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Can my child become a foreign national without my consent?

A couple of times a year we get an inquiry along these lines and we had one during this last week; so let’s try to answer the client’s question for you.

Below is the actual question:

 “I am a recently divorced mother and I want to permanently relocate to Australia with my minor child as I have obtained a wonderful work opportunity in Sydney; which will benefit both myself in the long term and my child eventually.

However, my ex, the father of my child, refuses to give his consent, despite the fact that the child resides permanently with me in terms of our divorce order.

The question is do I need his consent in writing or otherwise to take my son with me to Australia?”

The answer to this is the question is broadly as follows:

Where both parents have guardianship of the children, as is usually the norm, notwithstanding whom the children reside with, it necessarily follows that consent will be needed from the other parent when one parent decides to relocate to another country with a minor. However, if one parent refuses to provide consent, it does not mean that you will never be able to take your children with you should you wish to relocate to another country.

Our courts have held that the mother with whom the children resided could relocate to another country with her minor children, without the consent of their father, provided the consent of the court was obtained.

It is, however, important to note that it is not a given that a court will automatically provide consent where one parent refuses. The Children’s Act only states that the consent of the non-custodial parent is required for the departure or removal of a minor from South Africa.

Therefore our courts have to consider various factors before they will grant an order allowing relocation.

The two most important factors the court will rely on is whether the decision of the parent to relocate is bona fide, reasonable and genuinely taken, and secondly, if it would be in the best interest of the child. Furthermore, the applicant will also have to show that the child’s well-being, care and education will be better provided for in another country.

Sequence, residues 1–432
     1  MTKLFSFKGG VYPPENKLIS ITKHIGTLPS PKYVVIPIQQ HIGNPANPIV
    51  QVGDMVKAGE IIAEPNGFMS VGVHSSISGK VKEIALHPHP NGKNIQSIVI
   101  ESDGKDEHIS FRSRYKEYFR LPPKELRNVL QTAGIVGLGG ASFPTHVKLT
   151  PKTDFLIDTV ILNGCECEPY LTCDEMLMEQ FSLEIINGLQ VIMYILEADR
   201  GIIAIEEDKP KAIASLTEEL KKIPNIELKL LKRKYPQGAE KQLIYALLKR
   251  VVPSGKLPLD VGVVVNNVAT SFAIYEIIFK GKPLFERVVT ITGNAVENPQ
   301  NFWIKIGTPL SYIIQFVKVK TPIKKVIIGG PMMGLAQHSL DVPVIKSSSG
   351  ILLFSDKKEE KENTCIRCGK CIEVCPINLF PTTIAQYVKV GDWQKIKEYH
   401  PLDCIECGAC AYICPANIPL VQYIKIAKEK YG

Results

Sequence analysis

This means that the court will throughout the application evaluate, weigh and balance the competing factors from both parents’ sides and also take into account the child’s wishes in appropriate cases.

Examples of factors counting in favour of the parent relocating with the children:

  1. Financial advantages that will better the children’s living conditions.
  2. Safer living conditions for the children.
    3. Better educational opportunities for the children.
    4.            Whether close family members in the children’s lives will relocate with them, for example   grandmothers and/or grandfathers.
    5.            If there would be a stronger support system for the children, for example if other family members of the children already live in the country where they are relocating to.
    6.            Where the non-custodial parent is absent in the children’s lives.

Examples of factors counting against the parent relocating with the children:

1.            If the children have a very strong relationship with the non-custodial parent.
2.            If the non-custodial parent plays an important role in the children’s daily lives.
3.            If the financial capacity of the parents would restrict the children to continue the relationship with the non-custodial parent.

The court, as the upper guardian of a child, takes upon itself a grave responsibility to decide whether to override the non-consenting parent; and will only do so after the most careful consideration of all the circumstances. 

From the above it is clear that in determining whether you have the right to relocate with your children without the other parent’s consent is not a cut and dry decision. Each matter will differ according to the specific situation and our courts will always carefully assess the reasonableness of the custodial parent’s decision, with the children’s best interest being paramount.

Back to our original question:-

In each case it would be in your own best interests to get proper, professional legal advice to help you assess the merits of applying to court for an order allowing you to relocate your children to another country without your ex’s consent.

Please visit our website at or send us an email to This email address is being protected from spambots. You need JavaScript enabled to view it. with your legal questions.

About our author:

Hugh Pollard (Legal Consultant), has a BA LLB and 41 years’ experience in the legal field. 22 years as a practicing attorney and conveyancer; and 19 years as a Legal Consultant.

082-0932304 (Hugh’s Cell Number)

This email address is being protected from spambots. You need JavaScript enabled to view it.


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Legal Advice Office

South Africa

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Phone: +27 (0) 82 093 2304